By way of illustrating these concepts, I’ll invoke my novel The Fibonacci Murders. Therein, a series of murders takes place, with tension ratched up through an increasing body count, the cryptic nature of the killer’s notes to the police, a mathematical switch he pulls mid-stream, and the discovery that his final crime must be one of horrific proportions. Along the way, a second series of crimes occurs. Less severe than the murders, it nevertheless causes a PR nightmare for the police and is resolved only when the murderer kills its perpetrator. That’s one conflict removed, but it hardly decreases the tension–just the opposite. And then a new wrinkle develops: Tom Kaneko, the mathematician who has been assisting the police, privately devises a plan to find the killer and strikes out on his own, unwittingly placing himself in mortal danger. The killer captures him but must execute his final crime, so he trusses Kaneko up and dumps him in the woods, planning on dealing with him later. Now the climax arrives: the killer is stopped mere seconds before committing a mass murder.

End of story? Not quite. Kaneko is still out there in the woods, injured, bound, and gagged. That’s a loose end: I couldn’t leave him there. Moreover, the detectives had a couple of loose ends of their own to tie up. Keeping Kaneko in hot water until after the killer is foiled allows the tension to drop somewhat less than precipitously and transitions towards resolution of the other, lesser, loose ends. The result, I hope, is that when you’ve read the final sentence, you feel that order has been restored and all is right with the world.

The end.

Up the Middle

In last week’s post, I talked about story structure–beginning, middle, end–and specifically about beginnings. A beginnings is a short thing. Once the main characters arrive on the scene, the setting is established, and people run into problems, it’s over. Then the characters plunge into the story’s middle, where they spend the bulk of their time.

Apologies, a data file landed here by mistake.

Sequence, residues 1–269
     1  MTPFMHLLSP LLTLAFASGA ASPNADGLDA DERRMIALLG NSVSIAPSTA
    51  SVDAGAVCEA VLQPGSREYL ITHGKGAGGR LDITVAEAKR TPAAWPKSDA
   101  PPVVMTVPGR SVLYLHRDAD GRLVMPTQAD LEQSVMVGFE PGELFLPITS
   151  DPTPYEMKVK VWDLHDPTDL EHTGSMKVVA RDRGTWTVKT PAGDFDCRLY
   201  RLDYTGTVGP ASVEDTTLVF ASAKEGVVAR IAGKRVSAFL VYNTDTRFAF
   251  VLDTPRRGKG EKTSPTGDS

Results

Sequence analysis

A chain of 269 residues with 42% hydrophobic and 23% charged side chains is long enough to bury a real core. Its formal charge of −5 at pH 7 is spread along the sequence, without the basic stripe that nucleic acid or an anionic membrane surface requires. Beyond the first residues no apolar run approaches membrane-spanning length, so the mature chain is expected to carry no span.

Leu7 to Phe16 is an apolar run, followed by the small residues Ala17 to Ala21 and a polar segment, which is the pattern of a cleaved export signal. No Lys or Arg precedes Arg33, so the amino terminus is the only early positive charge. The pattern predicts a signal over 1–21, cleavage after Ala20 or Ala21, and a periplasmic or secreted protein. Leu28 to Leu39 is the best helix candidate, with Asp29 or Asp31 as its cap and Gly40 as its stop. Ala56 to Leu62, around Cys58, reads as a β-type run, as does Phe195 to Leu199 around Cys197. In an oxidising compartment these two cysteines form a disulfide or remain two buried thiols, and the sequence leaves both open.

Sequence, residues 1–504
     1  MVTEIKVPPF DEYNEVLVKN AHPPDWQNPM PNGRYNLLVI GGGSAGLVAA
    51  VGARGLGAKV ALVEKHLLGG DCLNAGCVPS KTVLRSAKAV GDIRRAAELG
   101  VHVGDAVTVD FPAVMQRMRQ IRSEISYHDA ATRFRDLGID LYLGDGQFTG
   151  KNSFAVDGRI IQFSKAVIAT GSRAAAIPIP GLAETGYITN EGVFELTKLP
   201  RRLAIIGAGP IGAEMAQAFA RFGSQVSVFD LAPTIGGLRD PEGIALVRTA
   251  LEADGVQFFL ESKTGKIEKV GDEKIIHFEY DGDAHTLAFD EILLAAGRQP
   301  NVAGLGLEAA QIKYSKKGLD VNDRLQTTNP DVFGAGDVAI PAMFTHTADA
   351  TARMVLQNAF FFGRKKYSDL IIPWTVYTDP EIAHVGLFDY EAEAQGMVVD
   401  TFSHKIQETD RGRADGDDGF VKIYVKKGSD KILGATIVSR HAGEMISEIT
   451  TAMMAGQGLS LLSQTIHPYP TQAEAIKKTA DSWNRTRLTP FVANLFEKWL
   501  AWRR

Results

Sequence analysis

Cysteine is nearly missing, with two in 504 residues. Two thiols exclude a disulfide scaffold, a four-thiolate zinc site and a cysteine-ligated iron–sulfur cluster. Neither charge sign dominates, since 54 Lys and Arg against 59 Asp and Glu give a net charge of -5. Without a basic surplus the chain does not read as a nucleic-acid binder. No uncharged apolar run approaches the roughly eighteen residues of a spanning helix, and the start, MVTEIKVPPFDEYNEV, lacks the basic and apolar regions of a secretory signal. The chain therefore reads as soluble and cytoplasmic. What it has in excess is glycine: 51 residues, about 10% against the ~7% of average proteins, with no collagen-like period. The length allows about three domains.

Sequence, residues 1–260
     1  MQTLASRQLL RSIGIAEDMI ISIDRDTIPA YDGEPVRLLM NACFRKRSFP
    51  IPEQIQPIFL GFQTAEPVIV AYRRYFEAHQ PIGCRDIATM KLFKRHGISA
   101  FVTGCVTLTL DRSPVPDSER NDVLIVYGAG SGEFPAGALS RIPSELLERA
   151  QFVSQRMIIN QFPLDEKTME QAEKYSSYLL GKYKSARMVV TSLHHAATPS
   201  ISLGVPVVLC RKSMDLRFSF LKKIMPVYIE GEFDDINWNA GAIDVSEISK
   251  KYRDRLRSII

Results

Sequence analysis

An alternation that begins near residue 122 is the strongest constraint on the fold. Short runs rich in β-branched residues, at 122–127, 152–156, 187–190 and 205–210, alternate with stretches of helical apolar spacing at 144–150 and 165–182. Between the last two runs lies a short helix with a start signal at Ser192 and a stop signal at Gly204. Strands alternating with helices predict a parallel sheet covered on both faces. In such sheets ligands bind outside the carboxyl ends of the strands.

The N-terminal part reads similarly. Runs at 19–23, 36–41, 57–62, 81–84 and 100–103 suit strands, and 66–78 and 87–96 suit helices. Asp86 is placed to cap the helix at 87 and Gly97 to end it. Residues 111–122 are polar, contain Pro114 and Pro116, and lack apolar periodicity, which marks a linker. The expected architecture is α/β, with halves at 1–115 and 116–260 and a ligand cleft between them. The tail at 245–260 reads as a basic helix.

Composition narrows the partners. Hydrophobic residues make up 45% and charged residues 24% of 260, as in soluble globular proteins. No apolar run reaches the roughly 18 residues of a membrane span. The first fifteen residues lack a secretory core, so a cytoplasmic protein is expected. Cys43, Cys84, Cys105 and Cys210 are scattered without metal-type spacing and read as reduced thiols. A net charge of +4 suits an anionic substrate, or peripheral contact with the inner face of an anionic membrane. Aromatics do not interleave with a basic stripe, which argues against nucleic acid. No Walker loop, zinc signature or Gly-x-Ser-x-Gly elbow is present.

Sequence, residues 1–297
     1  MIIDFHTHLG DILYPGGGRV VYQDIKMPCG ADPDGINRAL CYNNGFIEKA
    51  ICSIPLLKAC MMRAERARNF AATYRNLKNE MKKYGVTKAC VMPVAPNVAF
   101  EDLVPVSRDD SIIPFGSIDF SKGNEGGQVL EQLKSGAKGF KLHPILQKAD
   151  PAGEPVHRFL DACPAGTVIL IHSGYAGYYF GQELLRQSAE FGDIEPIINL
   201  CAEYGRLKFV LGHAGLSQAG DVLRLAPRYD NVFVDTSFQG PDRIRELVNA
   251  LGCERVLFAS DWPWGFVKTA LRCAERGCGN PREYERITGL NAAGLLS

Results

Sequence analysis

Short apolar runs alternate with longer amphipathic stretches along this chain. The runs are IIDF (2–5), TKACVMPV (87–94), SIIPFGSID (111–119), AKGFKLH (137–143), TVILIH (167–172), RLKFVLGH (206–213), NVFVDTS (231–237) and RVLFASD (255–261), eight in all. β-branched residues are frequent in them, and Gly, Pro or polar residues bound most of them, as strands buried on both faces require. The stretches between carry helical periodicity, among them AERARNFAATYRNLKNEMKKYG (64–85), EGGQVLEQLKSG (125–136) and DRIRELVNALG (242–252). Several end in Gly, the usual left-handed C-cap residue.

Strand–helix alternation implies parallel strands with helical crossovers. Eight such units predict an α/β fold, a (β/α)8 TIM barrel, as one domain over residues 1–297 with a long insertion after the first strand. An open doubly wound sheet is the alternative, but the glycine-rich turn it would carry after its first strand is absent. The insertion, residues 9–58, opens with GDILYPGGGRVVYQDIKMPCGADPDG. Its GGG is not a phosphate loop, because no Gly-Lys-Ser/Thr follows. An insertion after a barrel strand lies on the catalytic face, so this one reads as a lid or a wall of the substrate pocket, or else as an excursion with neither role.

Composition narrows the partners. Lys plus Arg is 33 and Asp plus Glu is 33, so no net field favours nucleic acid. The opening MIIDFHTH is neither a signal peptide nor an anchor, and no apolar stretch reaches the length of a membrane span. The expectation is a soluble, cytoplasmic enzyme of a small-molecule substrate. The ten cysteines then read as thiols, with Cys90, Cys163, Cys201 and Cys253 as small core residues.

In the middle, the characters seek to resolve whatever their problems are, but it’s never smooth sailing. Things have to get worse before they can get better, because if they didn’t there wouldn’t be much of a story. Tension equals interest. To avoid loosing the reader, tension has to be not only maintained but increased until the point when matters are resolved and the story ends.

Tension is generally increased through complications, unforeseen occurrences that make life harder for the characters. By way of illustration, let’s jump from literature to film. In the movie Raiders of the Lost Ark, Indiana Jones is faced with a formidable challenge: find and recover the Ark of the Covenant before the Nazis do. An oversimplified review of the plot shows several key complications:

  • As soon as Indie finds and recovers the Ark, the Nazis take it from him and seal him underground with his old flame, Marion.
  • As soon as Indie escapes, he learns the Ark is about to be flown to Germany.
  • As soon as he demolishes the airplane, he learns the Ark is about to be taken away by truck convoy.
  • As soon as he recaptures the Ark and gets it onto a ship, the Nazis intercept in a submarine and recapture it, taking Marion with them.
  • As soon as he ambushes the Nazi procession on their way to open the Ark and demands Marion’s release in exchange for not blowing up the Ark, his nemesis Belloq hits him in his weakest spot: he refuses to release Marion and dares Indie to destroy the artifact.